Three Years of Poor Grammar, Bad Spelling and Procrastination

I started this blog in May of 2002. I got my first digital camera around this time as well. So, it’s time to look back at my 3 years of blogging and 3 years of digital photography.

My mostly backed up (is yours?) photo folder holds about 27 gigabytes of photos, which translates into about 16,500 files (I use Picasa to organize them and a usb drive for backup). That’s about 458 rolls of 36 exposure film. At 5-6 bucks a pop for film and then a couple of bucks for processing that’s a lot of mon-ay. Of course I print a lot less and mostly show pictures in the blog, but still this is a huge economy.

In three years of blogging I wrote 824 posts containing 117,274 words. Considering an average of half an hour per post that’s about 50 eight hour work days. That is a lot of time, people. Considering that I do not write posts at work, this is a very sizable chunk of my free time. I could have written a book in this amount of time.

According to Feedburner my current readership is puny. 47 (a special number, isn’t it?) livejournal readers, 8 from Bloglines, and a couple of others, some of which are probably bots. When I hosted my site in Livejournal it seemed like I had about 250 readers, but as it turned out most of those were just “you added me, I added you” kind of deals. Even then I was far behind Ripley the Cat (and I find it very hard to get over this fact).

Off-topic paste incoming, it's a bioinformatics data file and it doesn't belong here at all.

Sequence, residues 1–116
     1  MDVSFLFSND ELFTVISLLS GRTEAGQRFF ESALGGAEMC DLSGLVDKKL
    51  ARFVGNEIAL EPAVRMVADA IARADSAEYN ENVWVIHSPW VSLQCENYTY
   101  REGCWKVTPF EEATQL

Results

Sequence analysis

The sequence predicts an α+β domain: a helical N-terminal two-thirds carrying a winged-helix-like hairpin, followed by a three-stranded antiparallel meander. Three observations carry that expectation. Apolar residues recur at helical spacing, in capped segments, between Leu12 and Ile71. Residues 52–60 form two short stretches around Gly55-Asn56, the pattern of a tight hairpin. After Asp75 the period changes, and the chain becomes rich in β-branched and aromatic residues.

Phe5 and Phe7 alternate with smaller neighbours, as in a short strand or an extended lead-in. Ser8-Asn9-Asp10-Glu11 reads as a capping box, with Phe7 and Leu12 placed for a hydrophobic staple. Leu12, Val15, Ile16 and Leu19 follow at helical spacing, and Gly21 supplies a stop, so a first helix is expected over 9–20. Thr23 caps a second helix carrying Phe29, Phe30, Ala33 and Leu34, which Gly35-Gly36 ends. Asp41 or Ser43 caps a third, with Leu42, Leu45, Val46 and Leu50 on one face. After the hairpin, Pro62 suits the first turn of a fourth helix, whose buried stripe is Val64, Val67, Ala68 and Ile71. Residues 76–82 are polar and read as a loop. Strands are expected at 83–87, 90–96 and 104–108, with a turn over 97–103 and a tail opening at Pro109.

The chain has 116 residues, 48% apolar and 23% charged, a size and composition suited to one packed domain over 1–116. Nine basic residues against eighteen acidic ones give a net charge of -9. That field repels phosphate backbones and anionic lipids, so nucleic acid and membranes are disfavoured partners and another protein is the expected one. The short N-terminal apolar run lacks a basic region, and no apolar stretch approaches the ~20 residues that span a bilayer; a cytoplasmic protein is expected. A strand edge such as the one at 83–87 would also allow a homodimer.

So, sob story about the number of readers aside, now I am a member of the elite group of bloggers who have been doing this for 3 years. How elite, you might ask? Let’s ask Mighty Google. Here is a graph of how many results come back to “x year(s) of blogging”, where x is “one”, “two”, “three”, etc. This, of course has just a slight correlation with the number of years people have been blogging, as “hundred years of blogging” brings back three results.

My website that hit the Information Superhighway back in 1996. It helped my future wife find me and gave me some rudimentary skills for my first web job. The blog hasn’t been so useful or popular, it seems. Maybe back then there was less good content on the web, and now there are shite waterfalls of it. Or maybe I need do something to market it. Like asking my staunch 47 + 8 + x readers to link to their favorite post or two (all of the old posts are searchable from http://www.deadprogrammer.com). Right?